ICANN ICANN Email List Archives


<<< Chronological Index >>>    <<< Thread Index >>>

Re: [gnso-ff-pdp-may08] Crafting a solution for fast flux

  • To: "Marc Perkel" <marc@xxxxxxxxxx>, "gnso-ff-pdp-may08@xxxxxxxxx" <gnso-ff-pdp-may08@xxxxxxxxx>
  • Subject: Re: [gnso-ff-pdp-may08] Crafting a solution for fast flux
  • From: "Zbynek Loebl" <zbynek@xxxxxxxx>
  • Date: Thu, 17 Jul 2008 06:54:17 +0200

I have not participated in our discussions yet, I was on holidays :-). I think 
that this is a good direction to go in my view.
Zbynek Loebl

> -----Original Message----- 
> From: Marc Perkel <marc@xxxxxxxxxx> 
> To: "gnso-ff-pdp-may08@xxxxxxxxx" <gnso-ff-pdp-may08@xxxxxxxxx> 
> Date: 07/16/08 23:16 
> Subject: [gnso-ff-pdp-may08] Crafting a solution for fast flux 
> There appears to be more and more evidence that there are legit uses for 
> fast flux which makes me wonder what we should do about it. I should ask 
> this question.
> If there are legit uses for fast flux, especially relating to free 
> speech, then should we work to block it?
> It also supports some of the suggestions I've put forth. That we craft a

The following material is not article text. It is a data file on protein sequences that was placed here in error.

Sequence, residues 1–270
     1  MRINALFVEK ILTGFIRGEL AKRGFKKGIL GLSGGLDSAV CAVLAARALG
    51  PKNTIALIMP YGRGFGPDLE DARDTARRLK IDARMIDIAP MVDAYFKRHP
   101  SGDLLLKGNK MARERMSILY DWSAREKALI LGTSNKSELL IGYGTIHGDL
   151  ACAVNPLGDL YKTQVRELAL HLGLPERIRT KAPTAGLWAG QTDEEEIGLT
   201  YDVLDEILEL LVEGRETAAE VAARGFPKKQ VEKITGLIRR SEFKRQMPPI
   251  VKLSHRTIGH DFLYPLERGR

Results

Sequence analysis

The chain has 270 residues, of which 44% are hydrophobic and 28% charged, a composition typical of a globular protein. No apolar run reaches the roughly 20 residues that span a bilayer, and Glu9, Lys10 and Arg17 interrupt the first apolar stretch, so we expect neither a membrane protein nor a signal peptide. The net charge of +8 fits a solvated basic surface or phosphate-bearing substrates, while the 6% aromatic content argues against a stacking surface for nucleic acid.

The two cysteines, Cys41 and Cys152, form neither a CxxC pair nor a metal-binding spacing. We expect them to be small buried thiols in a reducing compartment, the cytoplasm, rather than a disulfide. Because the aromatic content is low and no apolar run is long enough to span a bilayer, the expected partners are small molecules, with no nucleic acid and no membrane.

> policy to make more information available through DNS to help others 
> detect fast flux. Then others, like myself and other spam filtering 
> systems, can use this information to help determine if email is spam or 
> free speech. The idea being that if a domain is fast fluxing AND it 
> wants you to give up your bank account information, that's not free 
> speech, that fraud.
> I don't think ICANN policy itself is going to stop fraud. However if 
> Whois information is provided through DNS information servers then it 
> can help others stop fraud.
> Thoughts?

<<< Chronological Index >>>    <<< Thread Index >>>

Privacy Policy | Terms of Service | Cookies Policy